Ranging from ‘kebabs’ grilled on skewers to ‘rista’ and ‘gosht-aab’ which are round meatballs prepared from minced and marinated mutton. The gravy for ‘rista’ is of a very thick consistency and incredibly spicy, with its outstanding red color, it is a hard one to resist. The spice that goes into the dish blends so perfectly well, that ‘rista’ soaks in the flavour and texture of it leaving an amazing taste on the tongue.

 ‘Gosht-aab’, again is a meatball, prepared from minced and marinated mutton but has an entirely different taste and gravy to it. The gravy of ‘gosht-aab ’ is one that is highly popular among the common folks and natives of this place. It is called ‘yakhni’ and is prepared with fresh yogurt. The yogurt is boiled and stirred continuously until it reduces to half of the previous amount with cumin seeds and dried mint having an important bearing. The meat balls are also boiled along thus soaking in the milky texture and flavour of the gravy. The gravy of it is one that is relished the most, with its creamy color and a creamy but heavenly taste, it is certainly a delight and definitely something that shouldn’t be missed at any cost. The thickness and the consistency of the gravy is such that while it is being served it literally sets your mouth slobbering, and the fine crystals of dried mint that just flow through the gravy is definitely a feast.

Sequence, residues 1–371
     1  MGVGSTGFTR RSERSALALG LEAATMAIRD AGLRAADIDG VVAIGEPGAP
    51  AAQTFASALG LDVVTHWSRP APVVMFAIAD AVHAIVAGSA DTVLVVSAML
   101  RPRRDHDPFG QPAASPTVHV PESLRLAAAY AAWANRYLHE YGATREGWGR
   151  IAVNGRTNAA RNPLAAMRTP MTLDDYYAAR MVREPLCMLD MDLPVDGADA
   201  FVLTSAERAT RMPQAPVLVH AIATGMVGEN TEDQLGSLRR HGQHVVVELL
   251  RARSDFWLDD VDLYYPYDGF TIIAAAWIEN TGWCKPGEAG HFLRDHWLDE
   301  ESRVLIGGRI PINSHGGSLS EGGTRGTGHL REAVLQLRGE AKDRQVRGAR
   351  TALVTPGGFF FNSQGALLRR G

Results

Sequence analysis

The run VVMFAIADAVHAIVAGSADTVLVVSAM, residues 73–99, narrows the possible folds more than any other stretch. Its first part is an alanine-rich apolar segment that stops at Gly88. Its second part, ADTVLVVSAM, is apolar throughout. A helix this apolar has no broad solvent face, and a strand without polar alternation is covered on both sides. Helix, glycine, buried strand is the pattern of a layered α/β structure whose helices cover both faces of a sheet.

Image: Kashmiri Kahwa via tarladalal.com

This isn’t it yet, the next up is a dish called ‘ rogan josh’ which again is an oil rich, tremendously spicy curry with mutton that is very soft and tender which when touched easily tears apart. ‘Rogan josh’ stands out for the bright red colored gravy and has a medium level of consistency, not very thick and not very translucent as well. The Kashmiri red chilli that this dish takes in gives it hot spicy flavour and a coloring ingredient that is called ‘mavall’(Cockscombe flower) in the regional language is used for its bright red color giving it a slight sweet texture as well. The highly tender meat and the ‘rogan josh’ curry is one such delicacy that one wouldn’t need a dessert for, as it feels much better to retain the taste on the taste buds.